Let’s imagine your dream home is on the market for $200,000. Here are your potential down payment costs:
- Conventional mortgage. Between $10,000 and $40,000, depending on the lender.
- USDA mortgage. Possibly $0.
- FHA mortgage. As little as $7,000.
Clearly the USDA mortgage option represents the lowest cost of entry. If you have a little money set aside, you could opt for an FHA mortgage instead. Remember—you also need to consider long-term interest rates and compare total cost over the life of the mortgage for each loan option. Last—but certainly not least—pick a monthly payment you can realistically afford.
Typical Closing Costs
Closing costs, which include taxes, appraisals, title costs and attorney fees, are generally between 3% and 6% of your mortgage principal. Your mortgage principal is the amount you borrow—so the bigger your down payment, the less you’ll pay in closing costs.
Let’s use the $200,000 home above as an example. Consider these three 4% closing cost scenarios:
- You put down 10%, or $20,000, leaving a mortgage principal of $180,000. You’ll pay $7,200 in closing costs.
- You put down 20%, or $40,000, leaving a mortgage principal of $160,000. You’ll pay $6,400 in closing costs.
- You go for a mortgage with no down payment, so your mortgage principal is $200,000. You’ll pay $8,000 in closing costs.
Financial Resource Ideas
You can’t borrow money for a down payment. You have to be able to show a paper trail for the cash you use to buy a house. Here are a few legitimate funding sources for a down payment:
- Stock or bond sales
- An IRA or 401(k) withdrawal
- Money from your checking or savings account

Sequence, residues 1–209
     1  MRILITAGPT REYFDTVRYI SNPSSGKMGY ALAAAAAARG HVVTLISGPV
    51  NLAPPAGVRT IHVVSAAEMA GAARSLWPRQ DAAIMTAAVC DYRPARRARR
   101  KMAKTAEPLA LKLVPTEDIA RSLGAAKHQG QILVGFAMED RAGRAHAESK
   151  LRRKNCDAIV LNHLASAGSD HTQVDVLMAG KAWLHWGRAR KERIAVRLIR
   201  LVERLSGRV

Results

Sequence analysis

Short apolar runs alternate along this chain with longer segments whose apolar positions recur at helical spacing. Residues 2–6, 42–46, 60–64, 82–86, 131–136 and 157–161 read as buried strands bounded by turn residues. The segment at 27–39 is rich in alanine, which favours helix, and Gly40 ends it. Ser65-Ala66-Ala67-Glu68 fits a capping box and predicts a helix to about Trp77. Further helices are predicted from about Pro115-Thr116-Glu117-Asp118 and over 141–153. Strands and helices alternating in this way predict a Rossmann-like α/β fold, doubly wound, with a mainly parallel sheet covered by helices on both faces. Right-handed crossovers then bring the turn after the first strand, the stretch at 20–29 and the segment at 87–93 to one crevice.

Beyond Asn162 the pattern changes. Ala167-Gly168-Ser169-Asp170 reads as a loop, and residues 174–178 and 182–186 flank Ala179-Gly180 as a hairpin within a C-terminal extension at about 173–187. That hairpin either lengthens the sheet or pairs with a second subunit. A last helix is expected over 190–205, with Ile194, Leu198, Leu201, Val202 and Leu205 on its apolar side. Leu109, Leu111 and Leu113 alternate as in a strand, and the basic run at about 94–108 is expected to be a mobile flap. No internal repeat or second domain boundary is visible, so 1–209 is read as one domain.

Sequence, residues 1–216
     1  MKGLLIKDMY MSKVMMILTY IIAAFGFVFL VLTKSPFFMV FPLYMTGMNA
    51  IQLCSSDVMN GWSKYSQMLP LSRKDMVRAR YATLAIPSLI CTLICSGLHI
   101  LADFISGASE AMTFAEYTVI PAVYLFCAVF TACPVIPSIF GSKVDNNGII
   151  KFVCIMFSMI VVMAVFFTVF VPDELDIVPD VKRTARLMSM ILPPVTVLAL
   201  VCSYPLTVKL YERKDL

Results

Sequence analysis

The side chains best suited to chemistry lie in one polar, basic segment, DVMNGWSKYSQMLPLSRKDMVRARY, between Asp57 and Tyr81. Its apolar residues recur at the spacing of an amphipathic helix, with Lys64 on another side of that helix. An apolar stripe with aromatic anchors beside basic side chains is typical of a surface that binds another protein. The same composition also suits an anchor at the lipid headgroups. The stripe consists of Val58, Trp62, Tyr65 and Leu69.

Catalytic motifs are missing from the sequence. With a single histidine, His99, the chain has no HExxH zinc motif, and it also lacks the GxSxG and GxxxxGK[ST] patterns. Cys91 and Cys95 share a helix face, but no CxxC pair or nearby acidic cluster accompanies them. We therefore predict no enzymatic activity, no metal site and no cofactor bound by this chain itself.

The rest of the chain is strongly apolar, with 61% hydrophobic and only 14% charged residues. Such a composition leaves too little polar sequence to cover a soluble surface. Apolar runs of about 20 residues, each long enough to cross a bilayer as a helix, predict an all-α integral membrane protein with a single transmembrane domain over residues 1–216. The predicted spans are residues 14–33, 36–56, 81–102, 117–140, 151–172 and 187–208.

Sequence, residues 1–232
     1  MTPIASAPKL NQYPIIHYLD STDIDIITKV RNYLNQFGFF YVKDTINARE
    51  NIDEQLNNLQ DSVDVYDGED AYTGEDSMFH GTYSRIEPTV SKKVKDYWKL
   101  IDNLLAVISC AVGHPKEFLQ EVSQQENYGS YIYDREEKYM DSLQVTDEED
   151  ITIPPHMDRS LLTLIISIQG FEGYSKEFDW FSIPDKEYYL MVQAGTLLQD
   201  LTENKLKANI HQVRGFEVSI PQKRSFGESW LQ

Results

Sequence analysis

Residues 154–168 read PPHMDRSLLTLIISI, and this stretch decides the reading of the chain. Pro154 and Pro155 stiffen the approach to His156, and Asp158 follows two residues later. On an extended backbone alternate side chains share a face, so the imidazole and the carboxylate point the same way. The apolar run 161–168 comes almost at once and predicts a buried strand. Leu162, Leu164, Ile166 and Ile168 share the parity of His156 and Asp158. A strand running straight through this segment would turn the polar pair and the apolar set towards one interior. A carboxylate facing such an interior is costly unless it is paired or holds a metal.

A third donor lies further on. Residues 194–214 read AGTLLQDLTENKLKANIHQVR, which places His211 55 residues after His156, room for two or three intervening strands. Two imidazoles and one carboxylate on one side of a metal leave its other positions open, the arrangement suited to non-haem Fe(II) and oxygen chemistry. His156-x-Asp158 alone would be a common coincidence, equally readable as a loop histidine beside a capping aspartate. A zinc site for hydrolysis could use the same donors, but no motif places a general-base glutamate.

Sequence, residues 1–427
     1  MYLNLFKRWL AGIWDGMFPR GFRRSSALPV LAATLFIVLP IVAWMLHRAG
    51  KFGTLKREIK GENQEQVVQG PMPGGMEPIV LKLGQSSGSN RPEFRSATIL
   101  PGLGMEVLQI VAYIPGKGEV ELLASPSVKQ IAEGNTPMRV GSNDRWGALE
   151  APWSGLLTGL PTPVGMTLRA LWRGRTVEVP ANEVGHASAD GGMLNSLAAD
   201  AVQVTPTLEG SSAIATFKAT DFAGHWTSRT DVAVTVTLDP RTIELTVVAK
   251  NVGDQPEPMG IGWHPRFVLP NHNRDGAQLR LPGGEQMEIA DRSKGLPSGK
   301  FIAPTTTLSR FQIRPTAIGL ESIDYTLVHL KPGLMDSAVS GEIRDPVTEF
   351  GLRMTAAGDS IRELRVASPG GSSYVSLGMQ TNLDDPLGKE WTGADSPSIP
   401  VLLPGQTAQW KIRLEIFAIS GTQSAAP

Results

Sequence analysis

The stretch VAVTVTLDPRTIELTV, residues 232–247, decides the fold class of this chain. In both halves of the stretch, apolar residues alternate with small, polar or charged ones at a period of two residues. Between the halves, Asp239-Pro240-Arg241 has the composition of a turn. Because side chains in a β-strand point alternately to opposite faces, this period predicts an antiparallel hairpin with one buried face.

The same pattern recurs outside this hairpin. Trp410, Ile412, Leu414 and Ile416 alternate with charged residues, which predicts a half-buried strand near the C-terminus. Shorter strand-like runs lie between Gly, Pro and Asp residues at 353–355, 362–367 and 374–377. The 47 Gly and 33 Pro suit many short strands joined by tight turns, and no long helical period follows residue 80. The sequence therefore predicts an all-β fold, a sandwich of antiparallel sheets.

- Cash from a money market account
- A portion of your retirement account
- A monetary gift
You can roll other funds, like your tax returnor a security deposit refund, into your down payment, too.
How Much Money Should I Save Before Buying a House?
It’s important to look at the big picture when buying a house. You’ll need to pull together a down payment and closing costs, but you’ll also need to budget for removal costs, inspections and repair fees. Create a funds checklist beforeyou sign on the dotted line to avoid unforeseen expenses.
COVID-19 and Mortgage Relief
Federally backed loans—like FHA and USDA mortgages—are eligible for temporary mortgage relief because of COVID-19. If you buy a home and then lose a significant portion of your income because of the pandemic, you can apply for mortgage forbearance. Suspended payments are still due later on, but you gain extra time to pay. Initial mortgage relief and forbearance applicationshave to be in by June 30th, 2021.
Create a Home-Buying Plan
Conventional mortgages and government-backed loans make homeownership a reality for millions of people and qualifying resident aliens every year. If you’re ready to create a home-buying plan, sign up for Credit.com’s ExtraCredit to check out 28 of your FICO scores. When you’re ready, compare and contrast loans, and get preapproved for a mortgage before you start shopping.
DISCLAIMER. The information provided in this article does not, and is not intended to be, legal, financial or credit advice; instead, it is for general informational purposes only.